Aachener Dom
The elaborate cathedral in Aachen was the first German monument to be added to UNESCO’s World Heritage list, in 1978.
Bauhaus - Dessau & Weimar
The Bauhaus, with its sites in Weimar and Dessau, represents the so-called 'Bauhaus school of architecture
Bergpark Wilhelmshöhe
The Bergpark Wilhelmshöhe stretches for more than 600 acres close to the city of Kassel, in the heart of Germany.
Bremen Town Hall and Roland Statue
Bremen’s Marktplatz is home to many of the city’s most popular sights, including the famous Bremen Musicians Statue.
Churches Of Hildesheim
Hildesheim is a city in the German state of Lower Saxony. Here you'll find two Romanesque churches that are grouped together as a World Heritage Site.
Collegiate Church, Castle and Old Town of Quedlinburg
Located at the foot of the Harz Mountains, Quedlinburg is a quiet German town that was once the capital of the East Franconian German Empire.
Cologne Gothic Cathedral
The Gothic cathedral in Cologne is not just the most popular attraction in the city, but the most visited landmark in the whole of Germany.
Hanseatic City of Lübeck
The medieval atmosphere and historically important cultural sights shape the face of the city and testify to Lübeck's great past as a Hanseatic City.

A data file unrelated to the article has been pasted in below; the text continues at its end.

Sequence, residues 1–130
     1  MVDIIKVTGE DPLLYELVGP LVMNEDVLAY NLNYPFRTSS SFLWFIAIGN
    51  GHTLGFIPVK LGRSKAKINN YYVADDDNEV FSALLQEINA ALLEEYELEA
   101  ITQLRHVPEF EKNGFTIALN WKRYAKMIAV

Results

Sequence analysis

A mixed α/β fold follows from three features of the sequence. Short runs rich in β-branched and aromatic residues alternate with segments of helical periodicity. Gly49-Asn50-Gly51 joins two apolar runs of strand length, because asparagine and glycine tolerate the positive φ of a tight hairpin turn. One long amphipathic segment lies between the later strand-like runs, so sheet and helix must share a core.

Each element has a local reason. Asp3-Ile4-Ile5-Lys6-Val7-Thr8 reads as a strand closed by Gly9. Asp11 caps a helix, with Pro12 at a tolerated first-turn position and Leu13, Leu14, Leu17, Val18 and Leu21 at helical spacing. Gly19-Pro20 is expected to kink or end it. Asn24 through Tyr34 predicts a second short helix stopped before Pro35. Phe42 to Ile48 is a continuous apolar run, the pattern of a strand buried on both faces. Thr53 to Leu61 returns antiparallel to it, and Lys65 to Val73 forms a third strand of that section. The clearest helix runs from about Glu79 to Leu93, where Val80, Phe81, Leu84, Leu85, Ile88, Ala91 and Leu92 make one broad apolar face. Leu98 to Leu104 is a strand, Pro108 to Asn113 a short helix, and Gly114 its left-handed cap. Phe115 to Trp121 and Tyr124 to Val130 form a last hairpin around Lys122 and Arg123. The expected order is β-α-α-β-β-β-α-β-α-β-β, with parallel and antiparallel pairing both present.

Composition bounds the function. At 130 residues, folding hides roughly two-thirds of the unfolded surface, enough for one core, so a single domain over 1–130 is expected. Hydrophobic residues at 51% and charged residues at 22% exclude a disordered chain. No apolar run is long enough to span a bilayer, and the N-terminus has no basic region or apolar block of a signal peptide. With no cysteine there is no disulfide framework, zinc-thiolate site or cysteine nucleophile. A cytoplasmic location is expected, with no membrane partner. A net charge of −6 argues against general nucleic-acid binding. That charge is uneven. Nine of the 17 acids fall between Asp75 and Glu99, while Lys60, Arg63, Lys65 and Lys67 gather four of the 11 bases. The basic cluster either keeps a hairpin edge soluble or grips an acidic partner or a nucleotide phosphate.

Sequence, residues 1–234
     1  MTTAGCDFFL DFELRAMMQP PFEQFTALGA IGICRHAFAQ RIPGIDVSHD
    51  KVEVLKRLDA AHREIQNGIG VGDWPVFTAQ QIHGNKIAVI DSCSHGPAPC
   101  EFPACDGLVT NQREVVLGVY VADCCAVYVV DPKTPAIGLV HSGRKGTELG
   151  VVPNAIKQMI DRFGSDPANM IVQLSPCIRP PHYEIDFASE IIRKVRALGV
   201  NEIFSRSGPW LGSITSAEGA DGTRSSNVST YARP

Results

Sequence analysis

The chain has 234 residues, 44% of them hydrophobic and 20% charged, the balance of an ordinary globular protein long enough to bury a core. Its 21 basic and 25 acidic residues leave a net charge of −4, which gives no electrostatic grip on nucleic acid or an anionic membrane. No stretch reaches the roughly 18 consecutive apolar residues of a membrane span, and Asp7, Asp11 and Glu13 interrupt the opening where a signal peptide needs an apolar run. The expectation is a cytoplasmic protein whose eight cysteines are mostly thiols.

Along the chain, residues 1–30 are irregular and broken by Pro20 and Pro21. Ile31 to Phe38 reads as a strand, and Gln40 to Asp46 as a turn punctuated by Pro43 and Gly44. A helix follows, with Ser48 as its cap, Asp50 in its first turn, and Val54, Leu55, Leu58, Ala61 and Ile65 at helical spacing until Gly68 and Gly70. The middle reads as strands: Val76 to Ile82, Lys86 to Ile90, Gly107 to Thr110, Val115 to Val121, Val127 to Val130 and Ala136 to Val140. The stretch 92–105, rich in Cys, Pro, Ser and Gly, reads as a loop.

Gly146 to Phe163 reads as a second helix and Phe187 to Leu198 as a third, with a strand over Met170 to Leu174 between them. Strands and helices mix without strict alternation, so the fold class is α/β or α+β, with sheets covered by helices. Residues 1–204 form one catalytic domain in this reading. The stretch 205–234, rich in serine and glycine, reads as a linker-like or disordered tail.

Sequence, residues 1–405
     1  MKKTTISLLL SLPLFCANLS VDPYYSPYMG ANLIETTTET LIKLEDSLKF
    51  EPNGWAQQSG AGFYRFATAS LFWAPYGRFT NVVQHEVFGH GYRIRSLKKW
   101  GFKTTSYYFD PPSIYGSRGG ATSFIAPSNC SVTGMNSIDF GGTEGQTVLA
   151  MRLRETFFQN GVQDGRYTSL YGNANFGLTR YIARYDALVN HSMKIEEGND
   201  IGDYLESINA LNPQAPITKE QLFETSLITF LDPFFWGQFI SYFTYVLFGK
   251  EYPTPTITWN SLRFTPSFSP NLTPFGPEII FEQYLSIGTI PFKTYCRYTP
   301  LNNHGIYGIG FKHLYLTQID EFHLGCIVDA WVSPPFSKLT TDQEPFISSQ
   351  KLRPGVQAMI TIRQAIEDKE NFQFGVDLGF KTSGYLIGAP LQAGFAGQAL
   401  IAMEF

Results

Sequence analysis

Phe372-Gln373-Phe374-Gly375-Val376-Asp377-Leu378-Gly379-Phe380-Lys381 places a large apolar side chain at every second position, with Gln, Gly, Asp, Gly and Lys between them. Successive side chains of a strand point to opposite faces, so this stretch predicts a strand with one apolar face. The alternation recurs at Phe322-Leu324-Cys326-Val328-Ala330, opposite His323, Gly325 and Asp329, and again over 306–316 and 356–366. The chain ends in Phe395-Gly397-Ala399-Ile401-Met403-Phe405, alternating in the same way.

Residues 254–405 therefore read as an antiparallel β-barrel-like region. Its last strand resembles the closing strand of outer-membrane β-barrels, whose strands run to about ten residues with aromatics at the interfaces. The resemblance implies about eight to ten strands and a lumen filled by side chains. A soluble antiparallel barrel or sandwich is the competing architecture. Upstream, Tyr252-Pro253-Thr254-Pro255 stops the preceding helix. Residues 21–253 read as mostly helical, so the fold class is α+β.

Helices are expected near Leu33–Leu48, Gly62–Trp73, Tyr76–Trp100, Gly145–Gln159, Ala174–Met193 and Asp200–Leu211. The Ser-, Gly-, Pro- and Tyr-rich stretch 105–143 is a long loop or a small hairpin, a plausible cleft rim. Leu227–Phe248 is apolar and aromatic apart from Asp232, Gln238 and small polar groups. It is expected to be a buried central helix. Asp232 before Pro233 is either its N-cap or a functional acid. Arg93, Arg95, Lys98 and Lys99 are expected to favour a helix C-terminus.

Margravial Opera House Bayreuth
Created by father and son Giuseppe and Carlo Galli Bibiena, Bayreuth’s Baroque opera house is the most complete example of 18th-century Italian theatre design.
Maulbronn Monastery
Maulbronn Monastery was given UNESCO World Heritage status due to how well it, and the surrounding landscape, has been preserved.
Medieval Town of Bamberg
The Franconian town of Bamberg is on the UNESCO World Heritage list due to the fact that it is a unique example of an early medieval town.
Old Town of Regensburg
Regensburg, the 2,000 year old Roman city, is located at the northernmost point of the Danube. Emerging from WWII with little damage.
Potsdam Palaces And Parks
Just a stone’s throw from Berlin, you will find a magnificent collection of palaces and parks that were built by Prince Frederick William.
Roman Monuments in Trier
Trier is a fascinating travel destination with historical monuments, churches and Roman backdrops
Speyer Cathedral and Imperial City
Speyer is home to the largest Romanesque cathedral in the world – the main attraction in a city given World Heritage status.
Upper Germanic-Rhaetian Limes
The Limes is a 2000-year-old Roman wall that extends from the Rhine to the Danube. Archaeologists believe it was used to mark the boundaries of Roman land.
Upper Middle Rhine Valley
The Upper Middle Rhine Valley stretches from Rüdesheim to Koblenz and is ripe for exploration.
Völklinger Hütte Ironworks
The historic ironworks at Völklingen was the first monument from the golden age of industry to be added to UNESCO’s World Heritage list.
Wadden Sea
The Wadden Sea stretches across the coastline of the Netherlands, Germany and Denmark, creating an ever-changing landscape that moves with the tides.
Wieskirche
The Wieskirche (White Church) is a popular point along Germany’s Romantic Road, in Bavaria, and a shining example of Rococo architecture.
Wurzburg’s Residence Palace
This was the home of prince-bishops for many years, having been built by Johann Philipp Franz von Schönborn to replace a palace that was deemed unworthy.